If You Can’t Find It, You Can’t Buy It

Recently, I tried to pay my Rogers (Canada) bill online. Considering that you’re trying to give them money they really make it very difficult for you. Eventually I managed to set up an e-billing account for my banking. Linking this to Rogers for some reason necessitated downloading Firefox, as it does not support Safari (this makes me hopping mad; I have Flock on my mini, but don’t see the need to have two browsers on my Air). Anyway, having set all this up I discovered it’s only helpful from next month. I could scream. The problem of what to do this month is on-going.

My modem (provided by Rogers), when properly secured, is also incompatible with my iTouch and Wii. I would call them, but I’ve already lost the will to live. Maybe tomorrow.

In classes on Usability and E-commerce, we learn about this principle that if people can’t find something they can’t buy it. Usability is not just good practise for E-commerce – it’s essential to support the business model.

However apparently it’s not essential for banks or bill payment. When they cut off your phone I doubt “but I couldn’t find my bill” will be considered a legitimate excuse. By this point, you’ve committed to the service and you can bank at a branch or an ATM, and pay your bill at the post office or by credit card (admittedly both these options are harder when the busses are on strike and your credit card is British). So it seems the usability of the site doesn’t matter so much.

I really disagree. I’ve banked online using 2 British banks, 1 Canadian, and 1 US. They are, with the exception of HSBC UK, some of the worst company sites I’ve had the misfortune to come across. HSBC is no paragon, mind. They have a slightly bizarre security system where attempting to log-on twice in the same browser (so without “quitting” Safari – closing the window and then, later opening another one is inadequate) locks you out. Fair enough, perhaps, but to discover this you have to phone them – which is just a pain.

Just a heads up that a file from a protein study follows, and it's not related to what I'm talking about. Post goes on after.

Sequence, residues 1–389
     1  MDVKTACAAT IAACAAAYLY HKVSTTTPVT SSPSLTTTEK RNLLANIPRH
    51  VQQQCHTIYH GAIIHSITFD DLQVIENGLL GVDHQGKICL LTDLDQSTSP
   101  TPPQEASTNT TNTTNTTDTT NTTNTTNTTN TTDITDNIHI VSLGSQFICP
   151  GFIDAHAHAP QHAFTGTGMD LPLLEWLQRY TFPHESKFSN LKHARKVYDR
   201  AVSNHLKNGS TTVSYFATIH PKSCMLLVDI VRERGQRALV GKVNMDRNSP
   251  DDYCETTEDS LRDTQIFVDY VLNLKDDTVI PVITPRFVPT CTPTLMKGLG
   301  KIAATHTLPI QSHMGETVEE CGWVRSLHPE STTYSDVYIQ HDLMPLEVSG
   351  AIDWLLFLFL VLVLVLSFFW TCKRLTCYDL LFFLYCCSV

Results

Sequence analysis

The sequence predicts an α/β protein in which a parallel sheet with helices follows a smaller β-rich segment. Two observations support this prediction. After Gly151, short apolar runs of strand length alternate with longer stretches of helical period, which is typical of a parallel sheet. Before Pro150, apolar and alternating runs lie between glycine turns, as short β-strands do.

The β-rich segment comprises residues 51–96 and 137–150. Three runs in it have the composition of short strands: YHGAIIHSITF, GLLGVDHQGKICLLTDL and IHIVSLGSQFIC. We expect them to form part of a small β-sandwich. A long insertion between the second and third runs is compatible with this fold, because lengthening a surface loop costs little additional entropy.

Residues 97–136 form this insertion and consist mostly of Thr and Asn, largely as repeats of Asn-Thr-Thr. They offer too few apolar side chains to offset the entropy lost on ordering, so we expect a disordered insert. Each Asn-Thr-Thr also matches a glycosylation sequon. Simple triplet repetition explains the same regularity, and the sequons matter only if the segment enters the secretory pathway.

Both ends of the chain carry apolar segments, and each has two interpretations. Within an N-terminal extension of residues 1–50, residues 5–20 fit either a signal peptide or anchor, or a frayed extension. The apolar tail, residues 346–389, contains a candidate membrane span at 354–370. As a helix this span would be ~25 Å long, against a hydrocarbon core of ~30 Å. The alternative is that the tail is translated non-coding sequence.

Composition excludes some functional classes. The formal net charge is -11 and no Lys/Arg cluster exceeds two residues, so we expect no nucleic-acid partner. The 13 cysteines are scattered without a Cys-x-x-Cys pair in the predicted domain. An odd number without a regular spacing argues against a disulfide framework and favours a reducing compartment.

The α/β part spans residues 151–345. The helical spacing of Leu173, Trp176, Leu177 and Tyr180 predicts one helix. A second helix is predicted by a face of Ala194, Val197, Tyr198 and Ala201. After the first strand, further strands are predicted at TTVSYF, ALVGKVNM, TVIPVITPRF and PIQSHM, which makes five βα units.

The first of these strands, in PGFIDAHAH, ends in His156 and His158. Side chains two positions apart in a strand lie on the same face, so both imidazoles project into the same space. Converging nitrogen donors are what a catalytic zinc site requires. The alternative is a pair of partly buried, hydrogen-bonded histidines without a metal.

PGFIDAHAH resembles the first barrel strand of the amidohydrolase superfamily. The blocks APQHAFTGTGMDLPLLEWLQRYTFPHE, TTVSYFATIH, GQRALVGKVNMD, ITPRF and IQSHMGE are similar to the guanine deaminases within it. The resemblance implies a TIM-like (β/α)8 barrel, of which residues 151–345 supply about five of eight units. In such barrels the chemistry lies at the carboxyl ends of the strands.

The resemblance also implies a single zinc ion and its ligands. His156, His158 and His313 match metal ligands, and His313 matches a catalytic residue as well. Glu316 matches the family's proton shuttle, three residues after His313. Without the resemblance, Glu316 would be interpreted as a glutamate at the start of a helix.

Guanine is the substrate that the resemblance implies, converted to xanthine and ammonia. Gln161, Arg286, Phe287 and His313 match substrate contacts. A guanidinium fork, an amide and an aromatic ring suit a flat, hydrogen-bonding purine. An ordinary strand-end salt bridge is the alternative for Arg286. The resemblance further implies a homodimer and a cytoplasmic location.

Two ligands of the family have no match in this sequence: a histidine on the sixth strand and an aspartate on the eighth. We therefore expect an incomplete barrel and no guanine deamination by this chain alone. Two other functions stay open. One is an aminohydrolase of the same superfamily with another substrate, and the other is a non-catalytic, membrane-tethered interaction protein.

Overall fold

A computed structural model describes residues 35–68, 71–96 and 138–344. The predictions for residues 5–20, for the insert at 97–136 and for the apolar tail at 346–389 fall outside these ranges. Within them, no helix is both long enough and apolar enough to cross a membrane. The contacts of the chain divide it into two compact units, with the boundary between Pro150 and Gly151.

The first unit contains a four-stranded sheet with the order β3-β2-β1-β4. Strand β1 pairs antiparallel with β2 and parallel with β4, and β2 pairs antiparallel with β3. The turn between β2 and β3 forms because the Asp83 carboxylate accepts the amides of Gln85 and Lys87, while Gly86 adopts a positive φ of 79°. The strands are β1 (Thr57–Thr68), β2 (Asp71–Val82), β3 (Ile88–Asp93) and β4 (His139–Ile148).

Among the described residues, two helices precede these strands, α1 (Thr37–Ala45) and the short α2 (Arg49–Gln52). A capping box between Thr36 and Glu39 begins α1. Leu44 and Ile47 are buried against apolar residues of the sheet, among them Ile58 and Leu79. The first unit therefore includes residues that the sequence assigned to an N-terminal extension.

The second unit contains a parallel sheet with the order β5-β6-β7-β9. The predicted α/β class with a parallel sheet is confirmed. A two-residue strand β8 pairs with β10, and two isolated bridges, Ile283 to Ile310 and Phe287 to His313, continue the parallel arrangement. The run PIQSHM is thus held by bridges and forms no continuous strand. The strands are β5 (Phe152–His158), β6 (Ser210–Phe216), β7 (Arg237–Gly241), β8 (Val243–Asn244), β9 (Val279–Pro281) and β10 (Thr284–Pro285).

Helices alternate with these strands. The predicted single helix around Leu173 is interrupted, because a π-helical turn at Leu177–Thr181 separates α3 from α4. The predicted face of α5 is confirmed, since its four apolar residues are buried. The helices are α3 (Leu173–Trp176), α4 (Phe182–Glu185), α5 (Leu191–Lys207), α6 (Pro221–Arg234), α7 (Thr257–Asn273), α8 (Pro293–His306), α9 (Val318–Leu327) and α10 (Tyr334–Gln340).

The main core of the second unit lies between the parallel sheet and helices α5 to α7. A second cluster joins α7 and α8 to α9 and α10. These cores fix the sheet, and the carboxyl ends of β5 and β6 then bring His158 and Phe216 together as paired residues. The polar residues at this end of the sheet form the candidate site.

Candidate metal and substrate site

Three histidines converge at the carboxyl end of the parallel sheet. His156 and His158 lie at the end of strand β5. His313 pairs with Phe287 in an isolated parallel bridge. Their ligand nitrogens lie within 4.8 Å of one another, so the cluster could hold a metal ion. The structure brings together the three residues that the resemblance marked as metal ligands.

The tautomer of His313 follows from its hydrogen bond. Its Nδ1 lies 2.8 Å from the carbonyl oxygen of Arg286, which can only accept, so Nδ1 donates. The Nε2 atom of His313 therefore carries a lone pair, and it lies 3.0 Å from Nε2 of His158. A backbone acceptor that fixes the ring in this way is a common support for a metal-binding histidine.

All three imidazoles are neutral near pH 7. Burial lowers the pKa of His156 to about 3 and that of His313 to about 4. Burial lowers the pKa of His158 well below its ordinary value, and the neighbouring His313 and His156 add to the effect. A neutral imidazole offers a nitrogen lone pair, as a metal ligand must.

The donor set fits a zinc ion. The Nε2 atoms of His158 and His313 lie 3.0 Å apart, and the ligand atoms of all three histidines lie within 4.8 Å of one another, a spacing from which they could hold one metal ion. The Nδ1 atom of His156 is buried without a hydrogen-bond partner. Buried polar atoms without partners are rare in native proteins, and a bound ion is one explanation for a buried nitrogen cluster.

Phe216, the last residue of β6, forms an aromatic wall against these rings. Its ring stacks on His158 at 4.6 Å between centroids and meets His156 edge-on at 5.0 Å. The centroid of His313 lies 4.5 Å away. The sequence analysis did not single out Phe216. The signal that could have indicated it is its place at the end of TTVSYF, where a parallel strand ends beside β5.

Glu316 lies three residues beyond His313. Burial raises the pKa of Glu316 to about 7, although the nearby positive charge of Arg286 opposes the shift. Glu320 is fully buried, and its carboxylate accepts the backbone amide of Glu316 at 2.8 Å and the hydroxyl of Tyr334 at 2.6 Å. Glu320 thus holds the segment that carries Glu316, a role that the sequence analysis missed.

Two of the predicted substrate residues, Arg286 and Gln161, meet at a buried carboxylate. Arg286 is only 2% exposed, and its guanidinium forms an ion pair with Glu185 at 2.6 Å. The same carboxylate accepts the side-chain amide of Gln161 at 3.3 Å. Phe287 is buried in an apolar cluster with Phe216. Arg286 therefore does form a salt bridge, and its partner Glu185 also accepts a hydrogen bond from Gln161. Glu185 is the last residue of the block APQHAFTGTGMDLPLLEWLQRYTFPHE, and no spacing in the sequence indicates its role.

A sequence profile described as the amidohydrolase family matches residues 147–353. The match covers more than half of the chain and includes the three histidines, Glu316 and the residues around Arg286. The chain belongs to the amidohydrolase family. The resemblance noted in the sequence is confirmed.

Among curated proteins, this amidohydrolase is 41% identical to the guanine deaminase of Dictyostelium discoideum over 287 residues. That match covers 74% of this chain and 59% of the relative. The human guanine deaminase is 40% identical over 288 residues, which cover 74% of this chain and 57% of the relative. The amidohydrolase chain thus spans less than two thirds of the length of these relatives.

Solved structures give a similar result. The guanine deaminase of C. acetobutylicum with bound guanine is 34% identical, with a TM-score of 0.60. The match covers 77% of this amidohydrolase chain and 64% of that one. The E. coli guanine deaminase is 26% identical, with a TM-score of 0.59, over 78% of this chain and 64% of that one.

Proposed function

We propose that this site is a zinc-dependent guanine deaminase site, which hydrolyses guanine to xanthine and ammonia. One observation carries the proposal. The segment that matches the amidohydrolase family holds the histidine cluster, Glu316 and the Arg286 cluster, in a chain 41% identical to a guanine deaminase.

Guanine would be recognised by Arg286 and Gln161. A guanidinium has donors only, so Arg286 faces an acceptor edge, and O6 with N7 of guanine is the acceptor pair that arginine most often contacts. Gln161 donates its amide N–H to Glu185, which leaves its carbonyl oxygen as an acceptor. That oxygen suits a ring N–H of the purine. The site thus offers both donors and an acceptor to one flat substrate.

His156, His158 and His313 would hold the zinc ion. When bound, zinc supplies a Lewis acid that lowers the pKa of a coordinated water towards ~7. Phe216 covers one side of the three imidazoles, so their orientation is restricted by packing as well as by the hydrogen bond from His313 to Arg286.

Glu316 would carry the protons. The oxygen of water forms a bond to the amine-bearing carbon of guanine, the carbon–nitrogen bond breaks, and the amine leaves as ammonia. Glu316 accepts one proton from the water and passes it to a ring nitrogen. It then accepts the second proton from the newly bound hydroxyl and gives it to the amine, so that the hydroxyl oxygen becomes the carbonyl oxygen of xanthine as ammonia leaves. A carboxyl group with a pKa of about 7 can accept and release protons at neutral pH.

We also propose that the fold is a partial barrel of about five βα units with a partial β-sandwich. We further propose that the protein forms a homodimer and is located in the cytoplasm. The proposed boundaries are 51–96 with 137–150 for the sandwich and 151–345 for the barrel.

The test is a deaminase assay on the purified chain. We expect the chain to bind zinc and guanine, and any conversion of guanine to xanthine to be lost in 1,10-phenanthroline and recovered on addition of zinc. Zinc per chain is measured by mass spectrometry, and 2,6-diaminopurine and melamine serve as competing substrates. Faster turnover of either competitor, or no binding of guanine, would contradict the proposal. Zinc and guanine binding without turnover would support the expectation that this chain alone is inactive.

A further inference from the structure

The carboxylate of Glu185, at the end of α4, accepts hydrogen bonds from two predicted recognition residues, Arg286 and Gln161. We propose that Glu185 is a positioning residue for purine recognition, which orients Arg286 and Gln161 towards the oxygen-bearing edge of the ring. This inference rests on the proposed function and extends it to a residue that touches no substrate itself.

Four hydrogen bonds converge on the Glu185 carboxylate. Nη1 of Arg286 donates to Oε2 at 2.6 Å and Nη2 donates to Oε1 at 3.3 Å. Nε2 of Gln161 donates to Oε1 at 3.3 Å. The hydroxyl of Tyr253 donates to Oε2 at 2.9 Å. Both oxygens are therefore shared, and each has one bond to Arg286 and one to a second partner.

And all this is so stupid. Encouraging your customers to pay their bills online and transfer money directly has got to be cheaper. Every time they have to call if costs the customer in time (and possibly money), the company, in money and also the intangible costs associated with annoying the hell out of your customer. We’re in the midst of a recession, if there was ever a time to try and reduce overhead it’s now. Ironically that might just be by shelling out the cash to conduct a thorough usability evaluation and redesign of these websites.

Will it happen though? I’m sceptical. It’s hard to switch banks, and I would be with an alternative phone company, only they had the even bigger drawback – despite two attempts and numerous phone calls they never got as far as connecting my phone.

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